At the time of photographing, as the images below clearly show, things weren’t ‘quite there’ yet, but it was all made ready in time.
There will be little privacy for NHSG’s present and future Head Mistresses, but, to counter-balance this, the room’s outlook is sublime.
The new Head Mistress’ Room is still entered via the same corridor as it was in 2014 though – just a little further along it and to the left this time and not the right. The easiest way to orientate you if you knew Church High School is to imagine you are queuing up at the Dining Hall door and then when you are let in, you turn immediately to your left. I have manned that lunch queue many a time, of course.
Where the staircase used to be on that corridor, there is now a lift doorway, of course. Times change, but I miss all the old dark wood.
There was clearly a lot of touching up still needing to be done to the grey paint on the walls of this main thoroughfare, even this late on.
Giuseppe’s photos also show us there was an awful lot of time and effort going into carpet protection here and throughout the school.
Above in the Hall, now the Sixth Form Common Room, things were further ahead. The carpet was uncovered and the new wood shiny.
But I wasn’t aware of any of this, of course, as I turned my back on the Old Building that sunny afternoon. My attention had turned to seeking out and photographing those Church High roses – one last time, one year on. Tankerville House was literally basking in the sun.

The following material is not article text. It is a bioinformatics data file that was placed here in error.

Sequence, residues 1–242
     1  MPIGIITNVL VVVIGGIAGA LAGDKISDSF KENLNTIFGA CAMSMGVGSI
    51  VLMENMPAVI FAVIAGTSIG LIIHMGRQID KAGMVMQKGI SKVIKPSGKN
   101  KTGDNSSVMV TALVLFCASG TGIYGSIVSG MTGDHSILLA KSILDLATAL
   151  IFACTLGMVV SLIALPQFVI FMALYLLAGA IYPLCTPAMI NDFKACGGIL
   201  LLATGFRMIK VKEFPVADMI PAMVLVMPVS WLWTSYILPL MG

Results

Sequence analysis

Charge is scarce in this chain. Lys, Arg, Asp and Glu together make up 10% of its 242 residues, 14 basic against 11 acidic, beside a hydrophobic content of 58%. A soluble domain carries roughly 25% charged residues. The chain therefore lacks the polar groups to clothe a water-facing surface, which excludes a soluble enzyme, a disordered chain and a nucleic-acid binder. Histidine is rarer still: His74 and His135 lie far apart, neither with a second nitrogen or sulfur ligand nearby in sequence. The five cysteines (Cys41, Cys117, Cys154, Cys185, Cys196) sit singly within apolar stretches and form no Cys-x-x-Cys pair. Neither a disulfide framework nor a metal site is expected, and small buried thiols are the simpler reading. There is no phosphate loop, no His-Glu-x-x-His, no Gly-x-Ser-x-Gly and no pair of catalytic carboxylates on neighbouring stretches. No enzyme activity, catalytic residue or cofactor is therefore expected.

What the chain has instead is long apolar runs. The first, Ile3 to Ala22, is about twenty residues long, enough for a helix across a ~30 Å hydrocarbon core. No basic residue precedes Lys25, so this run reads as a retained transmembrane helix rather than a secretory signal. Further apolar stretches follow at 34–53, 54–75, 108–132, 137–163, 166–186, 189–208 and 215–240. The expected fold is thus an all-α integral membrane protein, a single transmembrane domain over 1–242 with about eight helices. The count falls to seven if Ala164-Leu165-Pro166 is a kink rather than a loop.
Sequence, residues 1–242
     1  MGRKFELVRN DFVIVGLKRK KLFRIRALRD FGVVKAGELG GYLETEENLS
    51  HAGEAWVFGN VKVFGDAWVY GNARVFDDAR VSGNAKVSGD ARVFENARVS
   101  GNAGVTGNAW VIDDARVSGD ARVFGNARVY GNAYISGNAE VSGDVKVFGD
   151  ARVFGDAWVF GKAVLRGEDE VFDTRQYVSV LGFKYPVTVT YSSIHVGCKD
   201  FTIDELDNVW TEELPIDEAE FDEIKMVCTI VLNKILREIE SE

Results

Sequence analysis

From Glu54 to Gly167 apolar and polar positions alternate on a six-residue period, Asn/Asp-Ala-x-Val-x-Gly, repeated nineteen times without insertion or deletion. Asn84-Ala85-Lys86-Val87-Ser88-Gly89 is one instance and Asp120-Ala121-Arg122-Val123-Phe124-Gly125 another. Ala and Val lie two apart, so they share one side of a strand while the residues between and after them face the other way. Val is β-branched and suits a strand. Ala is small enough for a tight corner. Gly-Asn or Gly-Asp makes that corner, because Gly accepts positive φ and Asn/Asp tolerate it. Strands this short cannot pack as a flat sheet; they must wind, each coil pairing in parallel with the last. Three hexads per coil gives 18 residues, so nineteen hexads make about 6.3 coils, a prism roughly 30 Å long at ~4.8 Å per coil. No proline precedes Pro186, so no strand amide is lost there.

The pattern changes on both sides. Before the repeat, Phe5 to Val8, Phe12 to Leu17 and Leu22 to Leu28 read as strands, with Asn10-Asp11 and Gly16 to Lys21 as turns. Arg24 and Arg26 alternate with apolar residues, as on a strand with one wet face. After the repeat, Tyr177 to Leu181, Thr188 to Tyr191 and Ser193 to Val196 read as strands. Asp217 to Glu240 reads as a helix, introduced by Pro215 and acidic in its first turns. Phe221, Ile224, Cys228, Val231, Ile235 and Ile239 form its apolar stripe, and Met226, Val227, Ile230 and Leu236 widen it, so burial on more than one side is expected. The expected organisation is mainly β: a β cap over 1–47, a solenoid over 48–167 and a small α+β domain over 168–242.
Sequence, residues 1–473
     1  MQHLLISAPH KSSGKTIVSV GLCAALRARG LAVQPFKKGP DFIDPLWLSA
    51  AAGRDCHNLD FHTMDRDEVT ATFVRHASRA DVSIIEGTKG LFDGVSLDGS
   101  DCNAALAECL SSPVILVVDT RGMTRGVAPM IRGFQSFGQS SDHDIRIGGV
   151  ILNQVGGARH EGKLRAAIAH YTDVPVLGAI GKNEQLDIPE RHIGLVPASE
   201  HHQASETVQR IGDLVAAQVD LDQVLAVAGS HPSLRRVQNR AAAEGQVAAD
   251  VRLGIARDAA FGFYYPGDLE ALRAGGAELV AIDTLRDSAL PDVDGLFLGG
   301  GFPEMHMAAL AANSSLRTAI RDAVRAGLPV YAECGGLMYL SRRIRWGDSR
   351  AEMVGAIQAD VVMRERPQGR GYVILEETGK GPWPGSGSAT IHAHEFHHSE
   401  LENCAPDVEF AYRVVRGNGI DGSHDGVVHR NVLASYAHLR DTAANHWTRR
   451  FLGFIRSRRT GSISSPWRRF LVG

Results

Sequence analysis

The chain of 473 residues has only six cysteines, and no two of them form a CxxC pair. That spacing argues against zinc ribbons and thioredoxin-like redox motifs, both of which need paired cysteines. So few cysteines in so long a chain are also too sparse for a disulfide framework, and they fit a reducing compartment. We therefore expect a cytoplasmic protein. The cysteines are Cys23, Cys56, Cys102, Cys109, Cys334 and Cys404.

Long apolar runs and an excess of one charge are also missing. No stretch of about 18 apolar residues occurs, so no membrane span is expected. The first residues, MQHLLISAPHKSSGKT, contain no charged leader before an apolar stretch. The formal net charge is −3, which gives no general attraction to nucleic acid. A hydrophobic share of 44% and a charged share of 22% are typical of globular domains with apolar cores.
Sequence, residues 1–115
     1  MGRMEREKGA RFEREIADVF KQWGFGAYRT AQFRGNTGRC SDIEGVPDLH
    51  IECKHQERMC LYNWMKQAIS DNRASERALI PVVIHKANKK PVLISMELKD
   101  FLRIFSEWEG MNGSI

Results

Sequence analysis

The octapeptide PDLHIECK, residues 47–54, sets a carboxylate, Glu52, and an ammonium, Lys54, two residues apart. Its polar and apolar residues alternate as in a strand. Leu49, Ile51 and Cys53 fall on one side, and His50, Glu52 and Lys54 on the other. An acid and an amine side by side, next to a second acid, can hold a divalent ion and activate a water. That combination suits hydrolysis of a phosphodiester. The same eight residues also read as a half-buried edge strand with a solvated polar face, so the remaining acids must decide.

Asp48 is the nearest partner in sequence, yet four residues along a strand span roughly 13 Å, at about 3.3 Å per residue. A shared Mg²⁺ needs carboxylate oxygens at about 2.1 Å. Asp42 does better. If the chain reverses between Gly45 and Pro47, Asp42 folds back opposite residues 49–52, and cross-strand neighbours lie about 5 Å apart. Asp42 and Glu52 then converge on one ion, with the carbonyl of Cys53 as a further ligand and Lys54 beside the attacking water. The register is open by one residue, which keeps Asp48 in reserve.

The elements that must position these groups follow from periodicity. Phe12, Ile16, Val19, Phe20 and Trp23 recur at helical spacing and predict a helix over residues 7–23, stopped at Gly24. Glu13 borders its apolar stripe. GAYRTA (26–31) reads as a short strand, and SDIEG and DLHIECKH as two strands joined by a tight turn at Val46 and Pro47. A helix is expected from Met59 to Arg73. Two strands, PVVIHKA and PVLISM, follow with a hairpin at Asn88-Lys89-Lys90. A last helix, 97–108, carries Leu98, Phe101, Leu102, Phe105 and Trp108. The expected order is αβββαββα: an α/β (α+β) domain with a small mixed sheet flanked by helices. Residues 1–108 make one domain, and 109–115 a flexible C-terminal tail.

Connal Stamp saw me and crossed the road to say ‘Goodbye.’ We knew by then that some Wates’ staff would remain in Westward House for a while to oversee the settling in process, but young, trainee staff like Connal and Amy were moving on to other jobs. However much I wanted to move back into Tankerville, this was still a sadness. They had become like friends to me over the last year. And Connal did have one last act of friendship to deliver that day. He had come to tell me about one last ‘archeo-toy’ find that Amy was holding for me. It turned out Hilary had taken it for me by then. When I opened the envelope in her excite presence, I think she was more than a little non-plussed by that little blue plastic policeman!
I took the following photograph with a romantic notion of showing the same roses, one year later on in time, encroaching even further across the dark green door. Nature taking hold again. Princess Briar Rose. Aware there was a poem entitled ‘The Last Rose of Summer’.
But I hadn’t reckoned on what I noticed as I was preparing this post. The passage of time doesn’t always go hand in hand with progress. And, of course, you need care, attention and nourishment if something is to grow. Instead of a profusion of briars, maybe a little thinner but growing ever wilder, Tankerville’s garden is in decline.